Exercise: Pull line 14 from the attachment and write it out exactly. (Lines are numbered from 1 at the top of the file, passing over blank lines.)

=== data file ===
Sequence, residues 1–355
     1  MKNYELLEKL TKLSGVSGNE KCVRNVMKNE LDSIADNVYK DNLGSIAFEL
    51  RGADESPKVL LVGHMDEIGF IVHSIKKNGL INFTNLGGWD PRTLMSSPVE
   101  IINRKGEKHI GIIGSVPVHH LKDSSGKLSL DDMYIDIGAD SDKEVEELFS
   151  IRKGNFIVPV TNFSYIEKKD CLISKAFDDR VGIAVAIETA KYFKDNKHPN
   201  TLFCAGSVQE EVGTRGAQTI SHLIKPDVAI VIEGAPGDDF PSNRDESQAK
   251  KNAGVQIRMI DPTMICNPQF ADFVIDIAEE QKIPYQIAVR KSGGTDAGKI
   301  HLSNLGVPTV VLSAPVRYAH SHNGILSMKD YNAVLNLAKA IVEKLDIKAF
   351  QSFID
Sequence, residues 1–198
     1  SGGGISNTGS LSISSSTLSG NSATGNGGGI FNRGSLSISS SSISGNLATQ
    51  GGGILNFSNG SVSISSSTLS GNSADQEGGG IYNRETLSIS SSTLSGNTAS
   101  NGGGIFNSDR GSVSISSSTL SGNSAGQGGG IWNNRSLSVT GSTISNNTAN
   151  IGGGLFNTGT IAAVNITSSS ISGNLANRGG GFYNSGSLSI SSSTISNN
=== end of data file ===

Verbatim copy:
   151  IGGGLFNTGT IAAVNITSSS ISGNLANRGG GFYNSGSLSI SSSTISNN